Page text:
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Josh and I held down the fort this month for a discussion of Vertigo. We continue to explore the relation of Hitchcock's films to our movie-going experience, the difference between love and desire, and our ability as humans to seek after an illusion rather than to truly face the reality in front of us.
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Hitchcock counted this as the most personal of his works, and it plays as a self-lacerating roman à clef, a deeply felt dramatization of the dark side of his filmmaking practice—the voyeuristic concerns of Rear Window (1954) pushed to their extreme. After Scottie loses his beloved Madeleine to suicide (or so it seems), he encounters her doppelganger Judy (Novak again), and proceeds to remake her in Madeleine’s image, all at once playing director, screenwriter, costume designer, even hair stylist. When Scottie learns the truth about Judy’s identity, this nightmarish Pygmalion scenario becomes a cautionary tale about the dangers of falling madly in love with a projection. What director can’t relate to that?
When a nun suddenly enters the bell-tower of San Juan Baptista as a creeping shadow and sends Judy leaping out the window in the final moments of the film, to me she registers as Death arriving to put the inevitable end to Scottie's cycle of obsession and self-deception, not necessarily as a tangible catalyst to Judy's hysteria. In this way, Vertigo is brutally fatalistic about the punishing end result of obsessive objectification. It reveals Scottie's harrowing make-over of Judy back into Madeleine - a striving for a perfect vision of the past that was itself a facsimile - to be inherently flawed and destined for self-destruction. Like so many great works of art, the film is about the danger of substituting art for reality, the actual chaos and imprisonment (rather than bliss and perpetual satisfaction) that can result from too fervently seeking an ideal, an idea that the ever-meticulous Hitchcock implicates himself in.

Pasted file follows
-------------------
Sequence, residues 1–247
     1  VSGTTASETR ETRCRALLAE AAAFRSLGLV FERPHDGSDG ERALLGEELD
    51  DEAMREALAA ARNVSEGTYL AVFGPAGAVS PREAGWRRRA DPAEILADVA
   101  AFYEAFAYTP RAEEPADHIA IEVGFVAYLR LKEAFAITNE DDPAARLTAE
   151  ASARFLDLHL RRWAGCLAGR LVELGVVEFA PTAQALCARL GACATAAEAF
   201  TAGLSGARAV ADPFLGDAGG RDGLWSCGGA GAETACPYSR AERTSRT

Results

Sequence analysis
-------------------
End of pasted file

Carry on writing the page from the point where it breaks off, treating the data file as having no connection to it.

The vertigo the film deals with isn’t to do with space and falling; it is a clear, understandable and spectacular metaphor for yet another kind of vertigo, much more difficult to represent – the vertigo of time. Elster’s ‘perfect’ crime almost achieves the impossible: reinventing a time when men and women and San Francisco were different to what they are now. And its perfection, as with all perfection in Hitchcock, exists in duality. Scottie will absorb the folly of time with which Elster infuses him through Madeleine/Judy. But where Elster reduces the fantasy to mediocre manifestations (wealth, power, etc), Scottie transmutes it into its most utopian form: he overcomes the most irreparable damage caused by time and resurrects a love that is dead. The entire second part of the film, on the other side of the mirror, is nothing but a mad, maniacal attempt to deny time, to recreate through trivial yet necessary signs (like the signs of a liturgy: clothes, make-up, hair) the woman whose loss he has never been able to accept.